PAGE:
What Are Icelandic Sheep?

Today’s Icelandic sheep are direct descendants of sheep brought to Iceland by early Viking settlers, in the 9th and 10th centuries.  They are North European Short-Tailed sheep, related to the sheep that predominated in Scandinavia and the British Isles during the 8th and 9th centuries.  Very few attempts have been made to “improve” Icelandic sheep through the centuries with outside crossings – in fact, the few attempts that were made resulted in disasters from the diseases brought in by the “new blood”.  As a result, producers drastically culled all animals which resulted from the cross-breeding, and it is now illegal to bring other breeds of sheep into Iceland.  Improvements to Icelandic sheep have thus been done by selective breeding within the breed itself, which leaves Icelandic sheep genetically the same today as it was 1100 years ago.  It is possibly the oldest and purest domesticated breed of sheep in the world today.


A gene affecting prolificacy has been identified in the Icelandic breed, called the “Thoka” gene after the ewe Thoka, born at Smyrlobjoerg farm in 1950, from which the gene is thought to originate.  Researchers have observed marked differences in ovulation rate between carrier and non-carrier animals – the average number of ova non-carriers were found to have ranged from 1.59 to 2.2, and the average ranged from 2.14 – 3.4 ova for carriers, a statistically significant difference.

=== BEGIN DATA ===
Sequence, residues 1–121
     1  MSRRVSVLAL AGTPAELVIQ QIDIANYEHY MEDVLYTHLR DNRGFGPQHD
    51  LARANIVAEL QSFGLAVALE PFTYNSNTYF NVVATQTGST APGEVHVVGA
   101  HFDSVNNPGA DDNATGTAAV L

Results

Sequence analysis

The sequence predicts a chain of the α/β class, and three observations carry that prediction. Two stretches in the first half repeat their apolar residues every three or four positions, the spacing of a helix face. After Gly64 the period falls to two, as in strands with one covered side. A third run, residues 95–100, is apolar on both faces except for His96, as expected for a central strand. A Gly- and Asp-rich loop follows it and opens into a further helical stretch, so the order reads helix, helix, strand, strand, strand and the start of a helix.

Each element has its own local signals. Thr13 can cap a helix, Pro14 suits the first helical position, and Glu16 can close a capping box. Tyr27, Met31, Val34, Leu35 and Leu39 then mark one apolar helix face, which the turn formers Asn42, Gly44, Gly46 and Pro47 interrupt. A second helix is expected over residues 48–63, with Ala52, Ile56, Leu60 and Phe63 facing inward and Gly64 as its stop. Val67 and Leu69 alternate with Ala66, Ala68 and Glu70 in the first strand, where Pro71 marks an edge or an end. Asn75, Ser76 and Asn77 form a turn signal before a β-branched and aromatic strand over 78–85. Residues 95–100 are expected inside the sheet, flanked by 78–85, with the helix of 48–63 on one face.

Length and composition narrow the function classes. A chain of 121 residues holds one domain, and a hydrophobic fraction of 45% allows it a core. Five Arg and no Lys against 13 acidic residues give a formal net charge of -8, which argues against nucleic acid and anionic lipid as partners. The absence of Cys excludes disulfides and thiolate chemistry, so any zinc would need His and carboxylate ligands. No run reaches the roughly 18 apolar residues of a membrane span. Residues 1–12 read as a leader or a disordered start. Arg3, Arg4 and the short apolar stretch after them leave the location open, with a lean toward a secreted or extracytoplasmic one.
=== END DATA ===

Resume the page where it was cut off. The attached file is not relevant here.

The gestation period is ~142-144 days – a few days shorter than most breeds.  The lambs are small when born – a good weight is 6-8 pounds, leading to a high percentage of births needing no assistance.  Albeit small, the lambs are quite vigorous when born and are up and nursing in a few minutes, with the first-born of a set of twins often looking for the teat before the second-born arrives.
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Icelandic sheep are of medium size, with mature ewes averaging 150-160 pounds and mature rams generally 200-220 pounds.  They are fine-boned, with open face, legs, and udders.  They are not particularly tall, but are broad and have excellent conformation as a meat breed.  Icelandic sheep can be naturally polled, horned (both ewes and rams), or may have scurs (incomplete horn expression).

They are seasonal breeders, with the ewes coming into heat around early November, lasting through April if they are not bred.  The mature rams develop a distinct odor in early October, which stimulates breeding readiness in the ewes.  Icelandics will occasionally breed out of season, but that is not encouraged.  The fecundity of the ewes is excellent and the mature rams are very efficient breeders.  Lambing rate is generally 170-180% but can be higher if the ewes are given richer feed leading up to the season.
The Icelandic breed is not docile.  They are alert, and fast on their feet.  Most of them are quite individualistic, and flocking instinct is poor.  They tend to spread out, making good use of sparse pasture, and are good browsers – enjoying eating brush, wild grasses, and sedges.  The ewes are good mothers, with high milk production.  Behavior in Icelandic sheep has been compared to that of feral or early domestic animals.  Some are nervous, but when they get to know their shepherd they become quite friendly.